Hello everyone. Today, I have been talking to a collaborator of mine regarding the complexity of factors that adds to gender skewness in the workplace. Often I have attended workshops, conferences and events where participants focus on one aspect which leads to the “leaky pipeline” of academia, so to say. Now, just to put it here, I am not a big fan of the phrase “Leaky pipeline” but we will come to the nuances of language in another post.
Last year, I was invited as a Key note speaker to the WomenBeing Conference in Edinburgh where gender studies students presented their work on various topics ranging from how drug abuse rates are different in different genders, the rate of microaggressions faced by various genders, the power distance between supervisor and supervisee relationships, statistics on how race/gender/age determines who are victims of certain kinds of behaviours to domestic abuse and a variety of other factors. This was a wonderful conference full of great ideas and statistics, however, one thing which leapt out to me was how often we miss the intricate complexity of this topics and the interaction they have with each other. For example, a woman who is being abused at home and has a baby, and is also on her periods and in a lot of pain, would be highly prone to having low self esteem. If an interaction happens with an uncooperative boss, that puts her at a risk of aggressions that she would otherwise be able to handle better. This would inevitably lead to depression and anxiety, low performance and then become a self fulfilling prophecy of certain genders low rate of success if she drops out.
I have often believed that the metrics by which we measure success in our workplaces around the world are lacking in their depth of understanding the feedback loops of how each seemingly separate cause feeds into another one and eventually comes back a full circle. This is also the same principle as to how the rich become richer and the poor become poorer, not withstanding how “hardworking” each of these individual people are.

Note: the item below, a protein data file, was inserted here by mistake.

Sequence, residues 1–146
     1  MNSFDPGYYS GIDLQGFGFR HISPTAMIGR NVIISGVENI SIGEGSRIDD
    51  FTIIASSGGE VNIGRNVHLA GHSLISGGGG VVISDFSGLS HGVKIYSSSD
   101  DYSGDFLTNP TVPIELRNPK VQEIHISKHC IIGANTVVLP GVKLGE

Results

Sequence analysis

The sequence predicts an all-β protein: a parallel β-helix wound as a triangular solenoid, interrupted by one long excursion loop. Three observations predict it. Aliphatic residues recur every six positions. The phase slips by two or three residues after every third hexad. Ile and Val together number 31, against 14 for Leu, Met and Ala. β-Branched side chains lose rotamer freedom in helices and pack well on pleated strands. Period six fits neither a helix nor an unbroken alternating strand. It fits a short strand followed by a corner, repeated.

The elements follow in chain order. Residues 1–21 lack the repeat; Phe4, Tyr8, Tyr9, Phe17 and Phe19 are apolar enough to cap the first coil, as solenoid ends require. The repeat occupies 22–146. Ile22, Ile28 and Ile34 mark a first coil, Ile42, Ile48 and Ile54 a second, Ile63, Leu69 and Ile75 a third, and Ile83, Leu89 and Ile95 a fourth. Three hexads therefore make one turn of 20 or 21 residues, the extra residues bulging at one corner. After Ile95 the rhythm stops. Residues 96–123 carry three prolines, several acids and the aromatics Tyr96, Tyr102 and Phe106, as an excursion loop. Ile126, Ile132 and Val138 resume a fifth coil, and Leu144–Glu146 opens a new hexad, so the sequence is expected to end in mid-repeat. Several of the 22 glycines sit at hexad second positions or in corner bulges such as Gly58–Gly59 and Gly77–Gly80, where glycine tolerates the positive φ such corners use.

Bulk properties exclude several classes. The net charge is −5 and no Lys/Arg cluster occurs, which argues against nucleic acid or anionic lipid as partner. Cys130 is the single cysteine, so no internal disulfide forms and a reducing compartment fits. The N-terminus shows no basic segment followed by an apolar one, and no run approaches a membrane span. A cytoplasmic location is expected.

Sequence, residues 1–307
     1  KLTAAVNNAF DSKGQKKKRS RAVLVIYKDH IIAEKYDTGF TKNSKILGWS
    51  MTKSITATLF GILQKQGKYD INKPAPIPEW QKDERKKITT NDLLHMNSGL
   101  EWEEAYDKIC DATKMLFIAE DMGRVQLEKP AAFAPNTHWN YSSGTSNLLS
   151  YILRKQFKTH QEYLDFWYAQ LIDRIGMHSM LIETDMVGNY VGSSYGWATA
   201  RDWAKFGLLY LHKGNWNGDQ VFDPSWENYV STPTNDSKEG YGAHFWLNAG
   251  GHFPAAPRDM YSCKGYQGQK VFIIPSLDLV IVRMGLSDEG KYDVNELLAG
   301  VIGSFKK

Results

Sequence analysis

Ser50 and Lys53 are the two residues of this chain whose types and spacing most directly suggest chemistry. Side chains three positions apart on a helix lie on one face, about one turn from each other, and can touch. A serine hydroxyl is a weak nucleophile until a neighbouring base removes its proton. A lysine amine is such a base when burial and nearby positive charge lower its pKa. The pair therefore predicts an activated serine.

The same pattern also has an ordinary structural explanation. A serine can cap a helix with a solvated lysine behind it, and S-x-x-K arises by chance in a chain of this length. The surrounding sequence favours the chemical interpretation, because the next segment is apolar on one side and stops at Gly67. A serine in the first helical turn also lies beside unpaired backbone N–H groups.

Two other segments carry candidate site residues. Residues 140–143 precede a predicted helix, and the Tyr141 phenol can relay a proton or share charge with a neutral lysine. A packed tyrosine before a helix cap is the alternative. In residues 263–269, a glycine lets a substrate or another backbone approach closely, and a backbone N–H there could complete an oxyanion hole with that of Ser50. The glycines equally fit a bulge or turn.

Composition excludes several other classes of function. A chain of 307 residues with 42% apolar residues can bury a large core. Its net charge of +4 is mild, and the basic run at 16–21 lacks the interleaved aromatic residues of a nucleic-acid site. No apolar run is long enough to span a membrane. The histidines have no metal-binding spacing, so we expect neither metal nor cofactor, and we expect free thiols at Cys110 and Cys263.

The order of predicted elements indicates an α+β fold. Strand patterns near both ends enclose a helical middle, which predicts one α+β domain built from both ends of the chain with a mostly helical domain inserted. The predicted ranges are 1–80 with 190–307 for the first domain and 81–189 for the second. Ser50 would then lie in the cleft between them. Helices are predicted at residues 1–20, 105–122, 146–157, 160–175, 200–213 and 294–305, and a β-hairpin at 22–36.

It is common knowledge that once you have one house, you can get loans to build more. And some more. You can rent the rest of the houses out and make more income and so would have a lot more property to show as collateral for your next loan. A tiny difference in the initial amount is often what separates an escalation of wealth from a downward economic spiral. Many other micro-factors add to this. We have all heard the age-old adage of “The First Impression is the Last Impression”. Now, let us compare someone who has money to splurge on “Smart office wear” and is not irritated by not eating a healthy diet, has enough money to spend on child care or has a live-in spouse (often female) at home and so is not distracted at meetings and is able to commit to his work fully while looking dapper to someone who has to juggle multiple shifts, does not have enough money to splurge on a comfortable work wear and has to rush back home to take care of the baby. The strain on their face would show, making people view them as less trustworthy and motivated. This would eventually lead to loss of opportunity. And such examples can be many and varied.
However, in the conference, I decided to take the opportunity to sketch an interaction slide showing the interaction between seemingly disparate topics and how each of them eventually add to the Leaky Pipeline of Academia. The problem is not motivation which can be easily proved by a multitude of statistics. The problem is the lack of proper infrastructure and the delegation of microaggressions and unpaid (often emotional among others) labour onto certain demographics. Here is the slide which provides a (incomplete) list of many tiny details which add to the low percentage of women in high positions.
The conclusion here is that there is an intricate relationship between poverty, comfort, economics, brain power, psychology which overlap with gender, race and privilege. I will pick small topics and go on to talk about these in more detail in my future posts.